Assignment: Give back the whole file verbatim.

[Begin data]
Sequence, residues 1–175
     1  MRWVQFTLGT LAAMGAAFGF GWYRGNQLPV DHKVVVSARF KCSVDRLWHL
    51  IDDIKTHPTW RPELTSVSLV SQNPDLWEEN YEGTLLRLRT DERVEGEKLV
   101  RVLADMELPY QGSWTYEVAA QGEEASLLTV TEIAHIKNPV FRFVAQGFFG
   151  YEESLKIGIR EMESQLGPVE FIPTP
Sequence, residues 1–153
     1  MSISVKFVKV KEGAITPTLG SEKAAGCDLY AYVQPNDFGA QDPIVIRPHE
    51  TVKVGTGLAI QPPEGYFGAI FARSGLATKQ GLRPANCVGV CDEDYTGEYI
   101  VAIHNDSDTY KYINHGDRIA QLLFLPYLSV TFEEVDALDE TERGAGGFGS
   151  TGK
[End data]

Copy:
Sequence, residues 1–175
     1  MRWVQFTLGT LAAMGAAFGF GWYRGNQLPV DHKVVVSARF KCSVDRLWHL
    51  IDDIKTHPTW RPELTSVSLV SQNPDLWEEN YEGTLLRLRT DERVEGEKLV
   101  RVLADMELPY QGSWTYEVAA QGEEASLLTV TEIAHIKNPV FRFVAQGFFG
   151  YEESLKIGIR EMESQLGPVE FIPTP
Sequence, residues 1–153
     1  MSISVKFVKV KEGAITPTLG SEKAAGCDLY AYVQPNDFGA QDPIVIRPHE
    51  TVKVGTGLAI QPPEGYFGAI FARSGLATKQ GLRPANCVGV CDEDYTGEYI
   101  VAIHNDSDTY KYINHGDRIA QLLFLPYLSV TFEEVDALDE TERGAGGFGS
   151  TGK